Also, an area measurement can be made by placing a geometrical shape on an object. Various associated measurements such as dimensions, gray level, density, colorimetry, and so on can be calculated.
Alternatively, a user can identify an object and automated object recognition could be performed. The automated object recognition could return detected values for various associated measurements such as dimensions, gray level, density, colorimetry.
Alternatively, app 23 can be written so that when run on mobile device 10 mobile device 10 creates a process running on mobile device 10 that can detect a case that does not necessarily include a calibration pattern. For example, the case can be detected by detecting the outline of the case or some prominent feature on the case or pattern on the case. In this example, app 23 uses stored information about the case to make a calibrated measurement. For example, the stored information can be dimensional information, brightness information, color information or information about a feature or a pattern on the case.
In a second step, smart mobile device 10 is placed on the second object, i.e., wall 132. Smart mobile device 10 is mounted on wall 132 so that camera 22 is directly facing in a direction perpendicular to case 135 (the calibration target).
In a third step, the zoom of camera 22 is adjusted to maximize the size of the calibration target in field of view 137 of smart mobile device 10.
In a fourth step, camera 22 is focused on case 135 and an image captured. For example, a manual focus or an auto focus capability, such as a tap-on-focus is used to focus camera lens 31 on case 135.
In a fifth step, once an image is captured, app 23 analyzes the capture image to perform a calibration process. Particularly, app 23 analyzes the captured image to determine an exact location and orientation of case 135. App 23 will also look for a two-dimensional bar code or other source of encoded information within the captured image. From information obtained from, for example, a two-dimensional bar code or other source of encoded information, app 23 will verify smart mobile device 10 has access to the relevant calibration information associated with the calibration pattern embedded on case 135 and if so, use the relevant calibration information associated with the calibration pattern embedded on case 135 for calibrating back facing camera 22. If smart mobile device 10 does not have access to the relevant calibration information associated with calibration target 35, app 23 will try to obtain access to this information, for example, by connecting user to an online source where access can be obtained.
Once app 23 has access to relevant calibration information, app 23 uses algorithms that use specific patterns in the calibration pattern designed for distance measurement through triangulation.
A calibration pattern within an image can be used apart from a smart mobile device. For example,
The information displayed in calibration pattern 151 is utilized to make one or more calibrated measurements, such as those represented by an arrow 152, an arrow 153, an arrow 154 an arrow 155, and an arrow 156. The calibrated measurements are utilized, for example, by a computing system used by a user, or by a remote server accessed by a user.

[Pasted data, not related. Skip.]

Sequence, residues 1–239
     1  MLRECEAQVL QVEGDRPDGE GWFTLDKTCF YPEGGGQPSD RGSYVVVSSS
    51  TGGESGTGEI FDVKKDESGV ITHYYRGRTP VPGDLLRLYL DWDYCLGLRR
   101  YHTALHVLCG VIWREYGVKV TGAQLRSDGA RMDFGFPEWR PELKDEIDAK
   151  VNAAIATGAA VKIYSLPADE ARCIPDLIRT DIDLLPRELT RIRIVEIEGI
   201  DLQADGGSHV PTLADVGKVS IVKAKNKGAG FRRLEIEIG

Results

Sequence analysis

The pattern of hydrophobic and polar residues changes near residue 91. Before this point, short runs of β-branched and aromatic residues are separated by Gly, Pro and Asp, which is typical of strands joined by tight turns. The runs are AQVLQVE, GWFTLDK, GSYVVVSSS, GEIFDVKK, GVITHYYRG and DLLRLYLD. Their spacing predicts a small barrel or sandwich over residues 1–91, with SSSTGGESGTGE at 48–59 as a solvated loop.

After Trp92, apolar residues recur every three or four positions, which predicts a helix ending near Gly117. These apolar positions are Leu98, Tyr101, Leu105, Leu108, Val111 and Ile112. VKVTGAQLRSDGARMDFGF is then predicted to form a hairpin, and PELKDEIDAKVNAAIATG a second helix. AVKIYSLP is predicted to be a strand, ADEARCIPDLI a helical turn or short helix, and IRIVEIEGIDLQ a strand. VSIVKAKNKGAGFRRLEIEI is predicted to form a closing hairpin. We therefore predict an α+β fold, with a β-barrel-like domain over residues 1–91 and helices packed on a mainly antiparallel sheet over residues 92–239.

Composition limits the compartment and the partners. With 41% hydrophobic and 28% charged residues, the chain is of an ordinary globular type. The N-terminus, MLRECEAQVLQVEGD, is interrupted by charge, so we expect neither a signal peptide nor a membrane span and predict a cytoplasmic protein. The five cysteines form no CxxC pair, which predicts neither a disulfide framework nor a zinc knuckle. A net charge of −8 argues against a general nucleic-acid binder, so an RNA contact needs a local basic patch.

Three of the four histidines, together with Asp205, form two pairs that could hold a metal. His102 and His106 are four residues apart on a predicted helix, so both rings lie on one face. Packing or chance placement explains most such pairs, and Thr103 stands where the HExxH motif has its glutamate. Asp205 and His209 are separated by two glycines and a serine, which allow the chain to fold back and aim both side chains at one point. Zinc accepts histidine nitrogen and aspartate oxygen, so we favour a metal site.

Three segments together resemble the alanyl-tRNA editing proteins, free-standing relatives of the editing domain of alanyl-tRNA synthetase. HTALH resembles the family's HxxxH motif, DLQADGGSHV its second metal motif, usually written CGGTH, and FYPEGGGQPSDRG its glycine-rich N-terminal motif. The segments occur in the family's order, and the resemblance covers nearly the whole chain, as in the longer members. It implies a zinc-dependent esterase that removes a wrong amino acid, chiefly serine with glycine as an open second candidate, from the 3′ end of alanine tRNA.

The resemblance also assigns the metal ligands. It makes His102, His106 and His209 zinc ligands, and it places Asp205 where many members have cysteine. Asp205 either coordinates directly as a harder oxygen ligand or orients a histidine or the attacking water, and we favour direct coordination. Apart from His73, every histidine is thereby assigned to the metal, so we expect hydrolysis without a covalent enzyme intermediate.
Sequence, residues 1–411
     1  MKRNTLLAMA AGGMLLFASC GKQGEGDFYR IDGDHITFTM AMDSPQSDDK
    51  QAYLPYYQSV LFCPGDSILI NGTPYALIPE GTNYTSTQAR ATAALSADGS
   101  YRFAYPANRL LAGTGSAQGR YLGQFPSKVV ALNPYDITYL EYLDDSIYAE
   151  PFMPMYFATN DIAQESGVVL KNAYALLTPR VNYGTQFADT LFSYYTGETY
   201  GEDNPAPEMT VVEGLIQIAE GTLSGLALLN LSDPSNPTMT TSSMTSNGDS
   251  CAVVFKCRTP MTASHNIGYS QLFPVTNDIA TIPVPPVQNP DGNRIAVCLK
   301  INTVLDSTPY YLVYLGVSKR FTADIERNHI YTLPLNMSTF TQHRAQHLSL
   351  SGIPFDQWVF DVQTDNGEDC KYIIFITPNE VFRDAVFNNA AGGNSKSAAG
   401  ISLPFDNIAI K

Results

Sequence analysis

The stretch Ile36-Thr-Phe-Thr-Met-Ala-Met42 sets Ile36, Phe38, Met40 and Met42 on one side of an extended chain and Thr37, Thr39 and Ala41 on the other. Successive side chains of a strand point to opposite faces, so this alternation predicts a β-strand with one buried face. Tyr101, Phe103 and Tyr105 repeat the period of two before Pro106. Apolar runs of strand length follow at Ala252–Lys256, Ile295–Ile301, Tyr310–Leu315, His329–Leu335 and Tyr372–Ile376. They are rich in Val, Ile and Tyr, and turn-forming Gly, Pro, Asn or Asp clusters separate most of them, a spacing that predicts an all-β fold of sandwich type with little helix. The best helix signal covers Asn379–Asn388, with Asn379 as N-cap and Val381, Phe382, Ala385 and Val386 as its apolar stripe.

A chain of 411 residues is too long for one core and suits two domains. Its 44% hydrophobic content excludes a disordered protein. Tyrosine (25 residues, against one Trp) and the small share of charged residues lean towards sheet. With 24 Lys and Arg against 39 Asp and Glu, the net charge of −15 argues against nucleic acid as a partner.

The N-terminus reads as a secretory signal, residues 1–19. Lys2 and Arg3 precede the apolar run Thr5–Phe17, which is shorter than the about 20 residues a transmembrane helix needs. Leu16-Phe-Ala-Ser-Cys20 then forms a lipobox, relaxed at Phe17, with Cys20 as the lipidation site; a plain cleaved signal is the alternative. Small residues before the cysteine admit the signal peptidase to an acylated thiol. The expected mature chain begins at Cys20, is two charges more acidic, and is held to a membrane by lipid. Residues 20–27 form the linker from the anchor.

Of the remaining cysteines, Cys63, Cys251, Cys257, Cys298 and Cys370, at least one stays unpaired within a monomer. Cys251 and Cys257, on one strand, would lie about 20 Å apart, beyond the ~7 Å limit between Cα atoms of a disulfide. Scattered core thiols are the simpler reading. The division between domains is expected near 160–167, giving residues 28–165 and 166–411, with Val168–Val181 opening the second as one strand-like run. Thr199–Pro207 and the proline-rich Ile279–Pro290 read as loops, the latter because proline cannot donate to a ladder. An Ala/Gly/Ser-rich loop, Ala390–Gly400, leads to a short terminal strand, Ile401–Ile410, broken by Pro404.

The inclusion of a calibration pattern in a digital image allows for a computer system to make calibrated measurements. For example, the image can contain objects of any size. The calibrated measurements can be made by any computing system with sufficient processing power to make the pertinent calculations.
The information displayed in a calibration pattern can also be used to validate user permission to use a particular application to make calibrated measurements. For example, a particular calibration application can be set up to only operate on images that display a particular calibration pattern or group of calibration patterns. For example, each calibration pattern may include a serial number or some other identification indicia that uniquely identifies the calibration pattern. The application making the calibration measurements can use this identification indicia as a pass code to validate user rights to use the application to make calibrated measurements.
As illustrated in
Points 171, 172 and 173 are used for geometrical calibration of the captured image and orientation assessment of the calibration pattern. All four points 171, 172, 173 and 174 are used for a co-planarity measurement. The image co-planarity measurement will have multiple applicability. That is, the co-planarity measurement is used to access image co-planarity at the time of the image capture and provides real-time feedback to the user of smart mobile device 10 on the parallelism of the camera with the calibration pattern image plane when the user is about to capture an image. For example, visual and/or audio feedback is given to the user when the camera with the calibration pattern are co-planar or alternatively when the camera with the calibration pattern are not co-planar.
Once an image is captured the co-planarity measurement is used to correction any deviation from co-planarity between the camera the calibration pattern image plane. The co-planarity measurement can also be used as a factor in calculating and presenting to the user a value that indicates an expected accuracy of the calibrated measurement.
While app 23 within mobile server 10 utilizes the calibration pattern to make calibrated measurements, such calibrated measurements could also be done by any computer implemented system that includes a processor and computer readable medium encoded with processor readable instructions that, when read, implement a process on the processor that can detect a calibration pattern within an image where the process uses information displayed within the calibration pattern to make a calibrated measurement.